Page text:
About Homeless Education
Definition of Homeless Children and Youth
Any displaced child or youth who is living in a shelter, motel, inadequate trailer or house, is staying temporarily with relatives or friends due to economic hardship or loss of housing, or is living in any other homeless situation has educational rights under the McKinney-Vento Act.
November is Runaway and Homeless Youth Month
Here is Governor Hickenlooper’s proclamation regarding this designation.
Denver Post Feature
Dana Scott, CDE's State Homeless Education Coodinator, worked with Jennifer Brown from the Denver Post on an article illustrating the impacts of homelessness on students’ lives, including their education. The article also provides information on the McKinney-Vento Act and the educational rights of homeless students.
Every Student Succeeds Act of 2015
Important Changes for McKinney-Vento Education of Homeless Children and Youth Program
On December 10, 2015, President Obama signed into law the Every Student Succeeds Act (ESSA), reauthorizing the Elementary and Secondary Education Act (ESEA). ESSA strengthens ESEA in notable ways, including new provisions related to the education of homeless children and youth.
The Every Student Succeeds Act of 2015, includes changes to strengthen and improve the education of over 1.3 million children and youth experiencing homelessness, from early childhood through high school graduation. It incorporates best practices from states and school districts across the country to increase the identification, enrollment, stability, and school success of children and youth experiencing homelessness. ESSA increases resources for homeless students by expanding the availability and use of Title IA funds, and by raising the authorized funding level for the McKinney-Vento Act’s Education for Homeless Children and Youth program. Please use the following link for a summary of the major amendments on homelessness in The Every Student Succeeds Act of 2015.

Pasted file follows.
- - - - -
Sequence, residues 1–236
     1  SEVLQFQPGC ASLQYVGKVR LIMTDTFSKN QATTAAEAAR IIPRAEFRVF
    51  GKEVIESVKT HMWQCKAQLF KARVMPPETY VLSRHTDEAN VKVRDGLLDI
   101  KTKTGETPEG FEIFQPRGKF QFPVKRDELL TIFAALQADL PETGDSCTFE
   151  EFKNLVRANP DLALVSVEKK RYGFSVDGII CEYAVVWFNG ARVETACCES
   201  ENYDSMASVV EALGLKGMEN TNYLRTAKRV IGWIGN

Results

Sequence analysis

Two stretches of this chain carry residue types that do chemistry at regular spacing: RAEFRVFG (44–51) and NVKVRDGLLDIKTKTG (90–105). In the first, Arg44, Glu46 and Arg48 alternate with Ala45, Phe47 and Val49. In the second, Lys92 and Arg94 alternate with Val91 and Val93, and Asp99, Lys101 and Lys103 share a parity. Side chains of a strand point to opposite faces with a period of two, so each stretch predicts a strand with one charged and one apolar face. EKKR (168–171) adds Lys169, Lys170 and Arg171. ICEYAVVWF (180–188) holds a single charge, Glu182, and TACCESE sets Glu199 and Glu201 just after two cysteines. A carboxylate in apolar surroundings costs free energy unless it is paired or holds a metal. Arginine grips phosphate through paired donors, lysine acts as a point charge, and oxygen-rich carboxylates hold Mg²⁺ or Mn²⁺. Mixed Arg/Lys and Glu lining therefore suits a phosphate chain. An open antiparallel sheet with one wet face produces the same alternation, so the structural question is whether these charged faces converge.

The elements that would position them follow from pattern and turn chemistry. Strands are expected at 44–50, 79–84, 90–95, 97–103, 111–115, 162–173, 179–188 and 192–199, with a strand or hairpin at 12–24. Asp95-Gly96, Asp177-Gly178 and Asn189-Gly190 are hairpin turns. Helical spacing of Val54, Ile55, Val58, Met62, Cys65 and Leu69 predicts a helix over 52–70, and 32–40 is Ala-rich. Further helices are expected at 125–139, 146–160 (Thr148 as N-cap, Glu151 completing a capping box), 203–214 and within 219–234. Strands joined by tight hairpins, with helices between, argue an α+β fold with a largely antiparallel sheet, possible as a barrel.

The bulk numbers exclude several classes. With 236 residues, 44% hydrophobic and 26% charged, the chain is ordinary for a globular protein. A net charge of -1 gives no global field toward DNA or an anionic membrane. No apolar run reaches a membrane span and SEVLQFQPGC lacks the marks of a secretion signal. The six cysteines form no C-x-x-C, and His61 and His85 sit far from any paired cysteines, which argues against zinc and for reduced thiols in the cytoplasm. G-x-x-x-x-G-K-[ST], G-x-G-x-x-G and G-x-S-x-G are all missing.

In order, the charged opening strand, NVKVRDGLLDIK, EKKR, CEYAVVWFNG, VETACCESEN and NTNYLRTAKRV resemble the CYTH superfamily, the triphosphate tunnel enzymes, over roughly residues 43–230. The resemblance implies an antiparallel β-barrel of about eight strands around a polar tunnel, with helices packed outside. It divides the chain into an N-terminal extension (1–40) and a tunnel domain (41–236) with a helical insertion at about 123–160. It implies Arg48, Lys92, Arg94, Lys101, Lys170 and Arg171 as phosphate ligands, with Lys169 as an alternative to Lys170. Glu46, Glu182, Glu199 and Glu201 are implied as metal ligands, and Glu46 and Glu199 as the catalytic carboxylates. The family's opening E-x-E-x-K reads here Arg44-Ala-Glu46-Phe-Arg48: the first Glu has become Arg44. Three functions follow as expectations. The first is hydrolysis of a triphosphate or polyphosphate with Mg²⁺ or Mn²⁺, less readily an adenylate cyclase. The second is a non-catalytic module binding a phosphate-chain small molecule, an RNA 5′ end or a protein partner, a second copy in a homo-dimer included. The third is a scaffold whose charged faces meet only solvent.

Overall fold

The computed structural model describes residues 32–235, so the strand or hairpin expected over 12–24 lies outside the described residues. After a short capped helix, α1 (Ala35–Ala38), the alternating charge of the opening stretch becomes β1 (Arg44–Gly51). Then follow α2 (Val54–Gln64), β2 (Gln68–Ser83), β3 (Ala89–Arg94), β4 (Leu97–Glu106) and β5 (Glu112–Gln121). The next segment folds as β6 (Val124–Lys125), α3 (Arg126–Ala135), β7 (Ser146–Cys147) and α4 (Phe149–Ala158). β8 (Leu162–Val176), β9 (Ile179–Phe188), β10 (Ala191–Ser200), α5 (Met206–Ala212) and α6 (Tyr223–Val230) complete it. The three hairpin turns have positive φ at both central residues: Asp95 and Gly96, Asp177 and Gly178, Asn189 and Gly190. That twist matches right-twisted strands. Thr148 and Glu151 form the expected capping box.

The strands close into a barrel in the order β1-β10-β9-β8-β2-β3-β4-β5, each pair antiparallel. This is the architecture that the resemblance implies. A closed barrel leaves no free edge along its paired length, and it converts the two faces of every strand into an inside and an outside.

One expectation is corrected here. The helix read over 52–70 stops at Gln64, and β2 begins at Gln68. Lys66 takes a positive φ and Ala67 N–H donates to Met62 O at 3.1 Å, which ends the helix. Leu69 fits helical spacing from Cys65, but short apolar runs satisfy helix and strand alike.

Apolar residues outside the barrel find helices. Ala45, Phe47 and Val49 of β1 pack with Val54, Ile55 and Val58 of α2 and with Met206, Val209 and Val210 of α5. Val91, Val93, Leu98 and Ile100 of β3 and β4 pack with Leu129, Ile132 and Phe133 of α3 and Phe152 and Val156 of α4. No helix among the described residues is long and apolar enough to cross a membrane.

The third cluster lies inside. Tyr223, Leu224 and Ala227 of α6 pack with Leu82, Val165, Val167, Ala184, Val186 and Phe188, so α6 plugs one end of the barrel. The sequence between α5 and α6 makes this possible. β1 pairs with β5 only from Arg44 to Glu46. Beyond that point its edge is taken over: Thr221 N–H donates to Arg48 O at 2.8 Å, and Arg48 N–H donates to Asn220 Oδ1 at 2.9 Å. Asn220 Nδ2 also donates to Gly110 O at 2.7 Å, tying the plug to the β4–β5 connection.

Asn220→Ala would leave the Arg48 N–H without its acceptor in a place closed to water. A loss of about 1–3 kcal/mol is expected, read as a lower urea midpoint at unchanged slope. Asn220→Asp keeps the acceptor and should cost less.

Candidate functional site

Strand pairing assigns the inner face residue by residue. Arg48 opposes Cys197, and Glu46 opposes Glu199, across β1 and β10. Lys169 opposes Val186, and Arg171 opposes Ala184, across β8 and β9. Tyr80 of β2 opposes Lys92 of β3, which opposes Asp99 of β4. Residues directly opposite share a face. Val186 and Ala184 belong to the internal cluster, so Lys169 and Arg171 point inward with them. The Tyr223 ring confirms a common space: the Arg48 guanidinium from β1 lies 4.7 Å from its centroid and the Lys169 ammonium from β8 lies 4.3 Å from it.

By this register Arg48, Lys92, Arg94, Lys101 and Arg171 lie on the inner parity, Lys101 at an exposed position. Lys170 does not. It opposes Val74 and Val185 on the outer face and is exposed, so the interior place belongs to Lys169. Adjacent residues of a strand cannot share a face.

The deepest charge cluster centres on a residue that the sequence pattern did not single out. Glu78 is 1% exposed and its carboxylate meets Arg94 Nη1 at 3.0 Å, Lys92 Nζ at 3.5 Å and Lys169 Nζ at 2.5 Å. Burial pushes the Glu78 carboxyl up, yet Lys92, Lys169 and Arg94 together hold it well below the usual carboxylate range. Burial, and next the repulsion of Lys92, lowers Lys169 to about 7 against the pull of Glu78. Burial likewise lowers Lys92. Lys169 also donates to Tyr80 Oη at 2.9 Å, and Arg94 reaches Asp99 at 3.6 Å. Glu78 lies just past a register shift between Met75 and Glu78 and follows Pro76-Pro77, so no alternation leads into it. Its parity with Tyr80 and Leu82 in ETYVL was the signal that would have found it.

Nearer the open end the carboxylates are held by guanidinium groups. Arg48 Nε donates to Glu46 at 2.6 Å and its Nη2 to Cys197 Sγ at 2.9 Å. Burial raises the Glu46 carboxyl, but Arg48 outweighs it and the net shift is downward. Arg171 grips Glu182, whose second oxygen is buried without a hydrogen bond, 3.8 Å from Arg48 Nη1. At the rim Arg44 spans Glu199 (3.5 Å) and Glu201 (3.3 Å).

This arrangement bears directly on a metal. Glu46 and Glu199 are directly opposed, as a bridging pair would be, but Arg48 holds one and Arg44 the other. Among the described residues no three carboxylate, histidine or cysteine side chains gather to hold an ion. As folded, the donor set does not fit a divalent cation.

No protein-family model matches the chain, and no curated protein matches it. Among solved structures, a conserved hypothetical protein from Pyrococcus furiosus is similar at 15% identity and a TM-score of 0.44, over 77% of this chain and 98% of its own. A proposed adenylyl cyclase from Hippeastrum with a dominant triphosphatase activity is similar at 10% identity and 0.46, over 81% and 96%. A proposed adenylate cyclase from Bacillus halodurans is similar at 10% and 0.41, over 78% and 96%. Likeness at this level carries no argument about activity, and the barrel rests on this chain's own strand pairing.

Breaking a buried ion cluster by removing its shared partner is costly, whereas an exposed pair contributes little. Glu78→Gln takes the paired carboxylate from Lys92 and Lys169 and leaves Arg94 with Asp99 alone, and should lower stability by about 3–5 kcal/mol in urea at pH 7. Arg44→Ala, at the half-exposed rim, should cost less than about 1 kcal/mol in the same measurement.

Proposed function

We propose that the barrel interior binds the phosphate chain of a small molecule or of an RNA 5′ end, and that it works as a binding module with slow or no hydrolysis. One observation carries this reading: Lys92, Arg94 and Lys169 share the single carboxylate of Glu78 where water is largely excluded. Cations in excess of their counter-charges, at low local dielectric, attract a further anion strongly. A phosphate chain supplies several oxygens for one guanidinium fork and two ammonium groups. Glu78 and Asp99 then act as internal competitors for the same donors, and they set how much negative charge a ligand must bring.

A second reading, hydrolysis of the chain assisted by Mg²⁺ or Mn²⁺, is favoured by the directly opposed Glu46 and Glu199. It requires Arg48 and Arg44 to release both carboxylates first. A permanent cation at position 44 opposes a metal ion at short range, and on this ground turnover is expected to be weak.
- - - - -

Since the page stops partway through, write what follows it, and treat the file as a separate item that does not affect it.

Between now and when ESSA goes into effect (Timeline for Implementation), CDE will be working to make available resources and guidance from the U.S. Department of Education that reflect changes made by ESSA.
On July 27, 2016 the U.S. Department of Education released a complete packet of materials including guidance, fact sheets for educators and a press release from Dr. John King, U.S. Secretary of Education. The materials can be accessed through the National Association for the Educaiton of Homeless Children and Youth (NAEHCY) website: http://www.naehcy.org/legislation-and-policy/legislative-updates-news/us-department-education-releases-homeless-guidance